Jeremy Warner's Outlook: Even house price bubble can't harm Blair now

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The Independent Online

"It's the economy, stupid". This was the catchphrase coined by the political strategist James Carville, who hung it on a sign in Bill Clinton's office during the 1992 US presidential election campaign to remind everyone that though President George Bush might be soaring in the polls after a victorious war against Iraq, it was the economy that in his view would ultimately determine the outcome of the election. He was proved spectacularly correct. The economy was recovering by November 1992, but not by enough to have an effect on employment, and Mr Bush was duly defeated by a substantial margin.

"It's the economy, stupid". This was the catchphrase coined by the political strategist James Carville, who hung it on a sign in Bill Clinton's office during the 1992 US presidential election campaign to remind everyone that though President George Bush might be soaring in the polls after a victorious war against Iraq, it was the economy that in his view would ultimately determine the outcome of the election. He was proved spectacularly correct. The economy was recovering by November 1992, but not by enough to have an effect on employment, and Mr Bush was duly defeated by a substantial margin.

It has been conventional wisdom ever since that governments stand or fall by their economic performance. OK, so John Major managed to win an election while in the middle of a recession, when negative equity was lapping at householders' feet, and then lose one when the economy was growing strongly again, having be then laid down many of the policy foundations necessary for successful macroeconomic management.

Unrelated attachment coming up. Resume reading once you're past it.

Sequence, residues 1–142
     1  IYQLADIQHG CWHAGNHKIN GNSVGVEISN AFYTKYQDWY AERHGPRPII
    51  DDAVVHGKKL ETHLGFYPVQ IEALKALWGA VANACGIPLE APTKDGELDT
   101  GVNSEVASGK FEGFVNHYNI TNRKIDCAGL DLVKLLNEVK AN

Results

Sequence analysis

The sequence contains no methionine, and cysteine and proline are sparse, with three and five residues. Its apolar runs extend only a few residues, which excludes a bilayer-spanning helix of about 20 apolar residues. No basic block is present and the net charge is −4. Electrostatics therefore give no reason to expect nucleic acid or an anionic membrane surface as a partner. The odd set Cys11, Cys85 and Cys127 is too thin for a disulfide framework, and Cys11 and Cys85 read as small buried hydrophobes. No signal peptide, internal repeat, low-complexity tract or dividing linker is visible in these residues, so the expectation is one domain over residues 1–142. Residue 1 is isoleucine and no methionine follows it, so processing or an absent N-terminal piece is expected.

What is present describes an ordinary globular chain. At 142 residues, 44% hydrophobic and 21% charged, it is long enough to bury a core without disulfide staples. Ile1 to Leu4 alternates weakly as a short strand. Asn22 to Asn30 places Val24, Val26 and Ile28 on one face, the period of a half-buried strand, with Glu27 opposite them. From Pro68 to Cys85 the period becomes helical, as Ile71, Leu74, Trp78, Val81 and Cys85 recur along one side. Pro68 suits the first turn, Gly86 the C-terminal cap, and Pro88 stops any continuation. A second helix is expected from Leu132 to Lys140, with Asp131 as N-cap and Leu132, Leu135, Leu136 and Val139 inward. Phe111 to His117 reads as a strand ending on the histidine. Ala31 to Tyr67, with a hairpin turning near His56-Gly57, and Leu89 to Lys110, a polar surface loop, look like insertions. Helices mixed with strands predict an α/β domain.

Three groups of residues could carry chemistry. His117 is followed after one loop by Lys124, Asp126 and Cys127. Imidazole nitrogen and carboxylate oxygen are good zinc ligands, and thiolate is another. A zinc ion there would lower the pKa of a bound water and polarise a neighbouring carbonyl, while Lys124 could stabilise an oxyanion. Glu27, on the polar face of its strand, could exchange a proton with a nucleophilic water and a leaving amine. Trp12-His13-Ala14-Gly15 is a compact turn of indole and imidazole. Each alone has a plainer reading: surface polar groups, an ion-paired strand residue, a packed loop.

Yet even with Mr Major, the link is a stronger one than it might seem. Mr Major was able to win the election of 1992 by arguing that Labour under Neil Kinnock would be even worse for your pocket than he was. This was topped off with a substantial pre-election bribe in the form of deep tax cuts.

He lost the 1997 election, on the other hand, in part because Britain's ignominious exit from the European Exchange Rate Mechanism gave him a reputation for economic incompetence - never mind that this was actually the best thing that could have happened to the British economy at that time. Efforts to put the public finances back on an even keel through a rolling series of tax increases further damaged any remote chance he might have had of re-election. The economy may not be the only deciding factor, but in most elections it is the most powerful one.

For this reason if no other, nobody really believes Labour is going to have any difficulty winning a third general election victory next year, notwithstanding the debacle of the Iraq war. The British economy remains the showcase of Europe, and though there are plenty of reasons to doubt the durability of our economic miracle, Britons today have never been so prosperous. People are not going to vote against what appears to be a winning formula. Mr Blair's personal rating is at an all time low, but when push comes to shove, economic buoyancy should ensure that Labour support remains sufficiently solid to win.

Michael Howard, leader of the opposition, has long recognised the economy as his biggest obstacle - a curious position for a Conservative Party leader to be in, as historically Labour could always be relied upon to demolish any economic success Britain managed to achieve. Mr Howard has landed some punches, particularly with his criticisms of the growing burden of tax and regulation, but he's always lacked the evidence of economic mismanagement to be able to deliver a knockout blow.

Rising tax and regulation will in the long term always have a corrosive effect on economic performance, but it is on a long fuse, and to most people it doesn't seem so far to have harmed us at all. Despite the carping, Britain is still one of the most tax advantageous jurisdictions in the world to have your corporate head quarters, never mind its other attributes. Mr Howard is on a hiding to nothing in condemning the Government for economic mismanagement.